shane: What if you registered it with an initial value?
iank: That's what I meant.
TabAtkins: That's a good question.
iank: ...
dbaron: That has a computed value then, so it should show up.
shane: Just in computed value then, not in specified/inline.
shane: I wonder if we want to allow having an invalid initial
value?
TabAtkins: You can, have an unregistered property with grammar of *
SimonSapin: What happens in old style CSSOM?
TabAtkins: Undefined, but hopefully consistent.
iank: It would make sense that all registered properties appear in
computed style maps.
TabAtkins: [...]

shane: One pattern we've seen with untyped custom properties is
that people use them like macros.
shane: They put a lot of them at the root node
shane: to represent colors that might be used on the page, etc.
shane: Not uncommon to see pages with one or more custom
properties defined.
shane: Relatively easy to keep performant if not referenced much
shane: But could be an issue for typed properties if the same
pattern used, because significantly increases size of
computed value map.
shane: It would be bad if people typed their untyped custom
properties.
shane: At the very least, should provide suggestion that ppl don't
do that.
shane: But might want to look into CSS API for that.
TabAtkins: Currently only JS api for registering, so most of these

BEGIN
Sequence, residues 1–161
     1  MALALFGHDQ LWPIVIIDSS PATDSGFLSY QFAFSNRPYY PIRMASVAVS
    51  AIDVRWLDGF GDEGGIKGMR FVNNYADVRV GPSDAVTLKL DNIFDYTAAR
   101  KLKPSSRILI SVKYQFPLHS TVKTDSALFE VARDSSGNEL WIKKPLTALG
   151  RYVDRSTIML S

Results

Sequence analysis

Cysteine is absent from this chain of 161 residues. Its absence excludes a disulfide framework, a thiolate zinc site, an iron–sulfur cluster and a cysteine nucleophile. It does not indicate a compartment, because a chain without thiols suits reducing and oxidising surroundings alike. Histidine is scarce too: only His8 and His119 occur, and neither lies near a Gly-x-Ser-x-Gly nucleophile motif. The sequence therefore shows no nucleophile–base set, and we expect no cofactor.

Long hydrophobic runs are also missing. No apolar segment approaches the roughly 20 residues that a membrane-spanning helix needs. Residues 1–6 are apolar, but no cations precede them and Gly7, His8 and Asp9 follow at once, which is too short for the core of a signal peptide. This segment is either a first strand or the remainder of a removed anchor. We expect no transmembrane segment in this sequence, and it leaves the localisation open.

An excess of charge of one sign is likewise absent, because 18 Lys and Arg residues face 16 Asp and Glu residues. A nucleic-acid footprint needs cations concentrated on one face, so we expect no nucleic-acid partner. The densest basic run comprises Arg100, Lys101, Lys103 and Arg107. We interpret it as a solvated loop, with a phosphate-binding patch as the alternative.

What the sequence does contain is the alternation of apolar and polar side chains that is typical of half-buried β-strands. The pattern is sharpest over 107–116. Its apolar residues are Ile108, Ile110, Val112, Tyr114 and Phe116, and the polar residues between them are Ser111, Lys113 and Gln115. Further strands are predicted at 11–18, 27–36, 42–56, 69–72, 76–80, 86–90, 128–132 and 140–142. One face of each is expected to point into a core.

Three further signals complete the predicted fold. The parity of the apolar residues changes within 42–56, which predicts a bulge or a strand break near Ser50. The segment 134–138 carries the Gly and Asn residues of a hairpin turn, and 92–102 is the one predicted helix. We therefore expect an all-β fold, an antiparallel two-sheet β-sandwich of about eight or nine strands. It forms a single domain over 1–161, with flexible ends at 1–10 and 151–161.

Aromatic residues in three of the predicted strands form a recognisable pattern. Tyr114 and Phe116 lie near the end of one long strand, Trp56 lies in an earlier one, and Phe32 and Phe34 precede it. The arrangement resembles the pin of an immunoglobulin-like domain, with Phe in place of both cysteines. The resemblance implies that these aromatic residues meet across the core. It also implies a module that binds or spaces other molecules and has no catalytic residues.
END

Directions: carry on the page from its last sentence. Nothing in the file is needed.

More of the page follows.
cases likely won't do that...
shane: So, should typed custom properties show up in computed
style?

RESOLVED: custom properties that have an initial value show up in
computed style, warn authors about perf issues if they
type everything all the time
RESOLVED: For inline style, should return the custom properties
that are set on the inline style of the current node
RESOLVED: For specified style, should return the custom properties
defined in the current rule
RESOLVED: For computed style, should return all defined custom
properties on the current node (including inheritance)

iank: We also may come back later with impl experience to say this
was a terrible idea, but we'll see.

SSStyleValue.parse(): throw vs return null?
- - - - - - - - - - - - - - - - - - - - - -

<shane> Topic: https://github.com/w3c/css-houdini-drafts/issues/305
TabAtkins: When you call CSSStyleValue.parse()
TabAtkins: parses arbitrary string into typed OM value.
TabAtkins: Takes a property name and a value.
TabAtkins: Several ways to do something wrong, not sure whether to
throw or return null.

TabAtkins: 1st case is, property is not even an identifier.
SimonSapin: If property is a separate arg, not parsed out from
"prop:val"
SimonSapin: Then do you even need to parse it?
SimonSapin: For CSS.supports(), we have API with 2 variations.
SimonSapin: One with colon syntax, uses CSS syntax.
SimonSapin: Other one passes prop and value separately
SimonSapin: In that case you don't parse it,
TabAtkins: ...
SimonSapin: Just assume it's an ident,

TabAtkins: Yes, that avoids the issue entirely.
iank: Might want to throw on the empty string.
iank: We throw a SyntaxError on that.
SimonSapin: Empty string is not valid property name.
iank: It's not a valid function name.
SimonSapin: Are we talking about property names.